If you are looking to purchase a new motorboat or you need to replace the old motor on your current boat, you might be wondering how to select the right outboard motor series. Outboard motors possess a range of options, from the two-stroke engine to the four-stroke engine and direct fuel injection to the electronic fuel injection. Here are some considerations to remember while selecting an outboard motor for your boat.

Should I buy a two-Stroke or a four-Stroke Engine?

A two-stroke engine was the go-to for the outboard motor series. Usually, two-stroke engines are lightweight and have had an excellent regulated response, whereas four-stroke engines have provided a cleaner, more advanced performance. As conservational standards have changed and boaters look for a clean, well-organized boat engine. The modern outboard motors have grown — narrowing down the differences between two-stroke and four-stock engines.

Two-Stroke Engines

Two-stroke boat engines burn a mix of oil and gasoline. Earlier, an injector or carburetor nourished the mixture into the engine cylinder through a consumption valve. It led to many fuel escaping, as the exhaust valve endured opened while processing. However, nowadays, two-stroke engines have been intended to prevent this fuel loss.

Four-Stroke Engines

Four-stroke engines are like your car; they have chambers that burn gasoline and a separate series system to oil the engine with oil. As the pistons move, intake and exhaust take place at various times. Four-stroke outboard motor series do not offer as much power as two-stroke motor engines. However, modern fuel injection structures have led to better fuel economy for four-stroke engines, while manufacturers have advanced the machines to be more powerful.

How Does Fuel Injection Work on Outboard Motors?

Today, manufacturers are building outboard motors that are low-emissions and more fuel-efficient due to modern fuel injection systems.

Direct Fuel Injection

DFI, Direct Fuel Injection two-stroke engines feed the fuel combination into the chamber while the piston covers the exhaust valve. It prevents the fuel loss that happened with older boat engines. DFI engines are available in two-stoke and also four-stroke engines. They consume less fuel, have upgraded engine power, and have low emissions. These outboard motor series do not require fuel preparation and are speedy to start.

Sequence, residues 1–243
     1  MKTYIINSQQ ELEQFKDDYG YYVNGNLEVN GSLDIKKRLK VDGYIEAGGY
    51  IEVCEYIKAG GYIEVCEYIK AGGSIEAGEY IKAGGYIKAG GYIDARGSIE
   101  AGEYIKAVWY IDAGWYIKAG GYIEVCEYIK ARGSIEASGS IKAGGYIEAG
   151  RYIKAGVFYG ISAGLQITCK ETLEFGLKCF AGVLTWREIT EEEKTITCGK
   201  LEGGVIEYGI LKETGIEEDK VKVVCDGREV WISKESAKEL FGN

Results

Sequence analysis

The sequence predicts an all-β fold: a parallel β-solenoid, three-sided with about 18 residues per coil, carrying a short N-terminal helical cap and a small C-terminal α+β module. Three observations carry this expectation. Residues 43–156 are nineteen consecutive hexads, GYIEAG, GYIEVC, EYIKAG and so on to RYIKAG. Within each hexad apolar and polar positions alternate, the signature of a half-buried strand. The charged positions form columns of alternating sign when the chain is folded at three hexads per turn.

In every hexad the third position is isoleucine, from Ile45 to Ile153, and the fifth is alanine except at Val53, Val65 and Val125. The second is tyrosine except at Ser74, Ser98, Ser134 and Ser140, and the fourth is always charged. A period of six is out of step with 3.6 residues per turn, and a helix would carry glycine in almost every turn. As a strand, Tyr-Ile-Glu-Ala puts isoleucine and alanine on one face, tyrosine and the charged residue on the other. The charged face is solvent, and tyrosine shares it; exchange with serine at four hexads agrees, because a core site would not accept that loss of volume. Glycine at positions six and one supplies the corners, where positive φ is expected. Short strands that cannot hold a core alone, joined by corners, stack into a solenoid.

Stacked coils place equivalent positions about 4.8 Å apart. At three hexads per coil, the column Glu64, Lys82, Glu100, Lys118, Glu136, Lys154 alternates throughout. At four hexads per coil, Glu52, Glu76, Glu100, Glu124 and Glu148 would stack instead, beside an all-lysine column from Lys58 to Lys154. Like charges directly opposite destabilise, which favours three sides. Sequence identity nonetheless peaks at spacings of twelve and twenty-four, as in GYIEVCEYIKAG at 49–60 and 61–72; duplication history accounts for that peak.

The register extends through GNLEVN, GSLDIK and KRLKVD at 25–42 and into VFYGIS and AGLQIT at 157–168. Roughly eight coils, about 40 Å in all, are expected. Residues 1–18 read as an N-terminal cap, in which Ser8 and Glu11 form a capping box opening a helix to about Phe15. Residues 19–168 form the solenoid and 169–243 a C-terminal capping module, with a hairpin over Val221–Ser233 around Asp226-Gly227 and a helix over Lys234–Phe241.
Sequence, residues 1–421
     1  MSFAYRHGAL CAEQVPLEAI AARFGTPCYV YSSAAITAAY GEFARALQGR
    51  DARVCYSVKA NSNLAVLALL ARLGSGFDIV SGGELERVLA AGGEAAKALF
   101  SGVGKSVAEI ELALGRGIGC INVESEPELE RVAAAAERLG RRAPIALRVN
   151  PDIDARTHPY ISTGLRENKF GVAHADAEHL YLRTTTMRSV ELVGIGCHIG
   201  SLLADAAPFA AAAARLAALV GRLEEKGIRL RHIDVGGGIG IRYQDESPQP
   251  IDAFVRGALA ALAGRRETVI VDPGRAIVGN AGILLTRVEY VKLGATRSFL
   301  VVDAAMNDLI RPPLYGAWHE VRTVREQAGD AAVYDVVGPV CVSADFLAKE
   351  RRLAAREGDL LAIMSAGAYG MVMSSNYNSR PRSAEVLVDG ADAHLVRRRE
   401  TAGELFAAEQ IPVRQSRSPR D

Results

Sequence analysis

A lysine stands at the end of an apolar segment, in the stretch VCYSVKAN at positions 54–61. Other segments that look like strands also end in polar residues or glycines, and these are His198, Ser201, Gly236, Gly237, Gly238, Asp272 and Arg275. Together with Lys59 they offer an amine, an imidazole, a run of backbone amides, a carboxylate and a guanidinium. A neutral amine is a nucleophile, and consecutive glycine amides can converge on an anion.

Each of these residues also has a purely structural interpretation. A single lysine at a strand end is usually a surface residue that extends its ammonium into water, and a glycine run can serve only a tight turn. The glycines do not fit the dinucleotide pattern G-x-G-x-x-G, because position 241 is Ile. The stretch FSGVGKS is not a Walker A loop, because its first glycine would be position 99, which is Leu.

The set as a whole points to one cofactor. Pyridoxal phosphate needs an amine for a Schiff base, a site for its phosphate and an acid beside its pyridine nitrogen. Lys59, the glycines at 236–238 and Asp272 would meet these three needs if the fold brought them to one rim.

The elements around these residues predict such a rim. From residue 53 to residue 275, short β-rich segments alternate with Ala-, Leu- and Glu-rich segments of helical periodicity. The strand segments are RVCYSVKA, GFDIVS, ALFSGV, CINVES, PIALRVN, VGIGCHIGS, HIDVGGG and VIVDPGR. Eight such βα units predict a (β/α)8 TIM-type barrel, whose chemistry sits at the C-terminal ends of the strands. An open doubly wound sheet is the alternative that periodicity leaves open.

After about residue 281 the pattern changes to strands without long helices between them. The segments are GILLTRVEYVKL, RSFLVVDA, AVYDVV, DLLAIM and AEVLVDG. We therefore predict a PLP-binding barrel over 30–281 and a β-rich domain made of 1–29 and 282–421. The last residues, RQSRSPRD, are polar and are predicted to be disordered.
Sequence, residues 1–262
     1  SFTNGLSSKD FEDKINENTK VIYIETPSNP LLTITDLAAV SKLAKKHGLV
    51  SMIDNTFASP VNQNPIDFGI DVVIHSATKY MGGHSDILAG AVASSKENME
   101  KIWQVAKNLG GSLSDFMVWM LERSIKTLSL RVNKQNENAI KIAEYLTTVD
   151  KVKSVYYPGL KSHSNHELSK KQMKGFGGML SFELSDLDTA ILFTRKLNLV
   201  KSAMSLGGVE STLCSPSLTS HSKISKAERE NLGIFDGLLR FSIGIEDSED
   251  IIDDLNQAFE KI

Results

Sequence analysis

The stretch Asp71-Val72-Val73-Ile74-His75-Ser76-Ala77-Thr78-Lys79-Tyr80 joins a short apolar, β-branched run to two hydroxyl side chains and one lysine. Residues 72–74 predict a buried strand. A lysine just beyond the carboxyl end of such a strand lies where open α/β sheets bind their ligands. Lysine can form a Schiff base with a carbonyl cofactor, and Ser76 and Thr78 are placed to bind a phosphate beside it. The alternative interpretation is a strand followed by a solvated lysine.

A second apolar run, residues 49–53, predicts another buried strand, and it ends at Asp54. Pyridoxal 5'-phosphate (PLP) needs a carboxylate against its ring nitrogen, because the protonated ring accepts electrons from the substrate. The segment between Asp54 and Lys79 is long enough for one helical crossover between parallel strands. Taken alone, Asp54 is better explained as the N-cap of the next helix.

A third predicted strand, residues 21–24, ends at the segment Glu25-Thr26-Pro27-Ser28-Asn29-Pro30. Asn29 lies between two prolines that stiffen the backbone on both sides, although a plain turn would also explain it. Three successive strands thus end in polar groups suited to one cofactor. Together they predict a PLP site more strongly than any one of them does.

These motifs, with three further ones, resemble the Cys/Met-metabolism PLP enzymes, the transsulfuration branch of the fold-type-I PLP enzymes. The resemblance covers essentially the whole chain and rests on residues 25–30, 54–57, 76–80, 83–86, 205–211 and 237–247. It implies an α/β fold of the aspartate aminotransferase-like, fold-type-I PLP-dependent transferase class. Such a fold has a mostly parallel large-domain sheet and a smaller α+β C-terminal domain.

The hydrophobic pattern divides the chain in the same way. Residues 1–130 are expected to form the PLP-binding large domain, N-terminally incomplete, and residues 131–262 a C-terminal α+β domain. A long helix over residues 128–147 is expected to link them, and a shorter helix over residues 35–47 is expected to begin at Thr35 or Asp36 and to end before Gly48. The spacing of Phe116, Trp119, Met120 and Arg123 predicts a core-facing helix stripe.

Electronic Fuel Injection

With EFI, Electronic Fuel Injection, engines, the fuel mixture is injected into each chamber’s incoming air beforehand it reaches the intake valve. Then the fuel spray cools the intake valve, increasing vaporization before it comes to the burning section. A spark plug burns the fuel and air combination. Electronic Fuel Injection engines do not need fuel priming and have low emissions. Moreover, they are quick to start and have lower fuel consumption without sacrificing performance.

Are There Electric Outboard boat Motors?

There are electric outboard motor series available, and they are a good fit for smaller boats or those who love inland fishing. Electric outboard motors are light, tranquil, and need low-maintenance. You have to replace the battery after few years. In this type of electric outboard motors, you will save by fueling cost.

As outboard motor designs evolve, there are many options available. You can be better prepared to select the right outboard motor for your boat with a little information.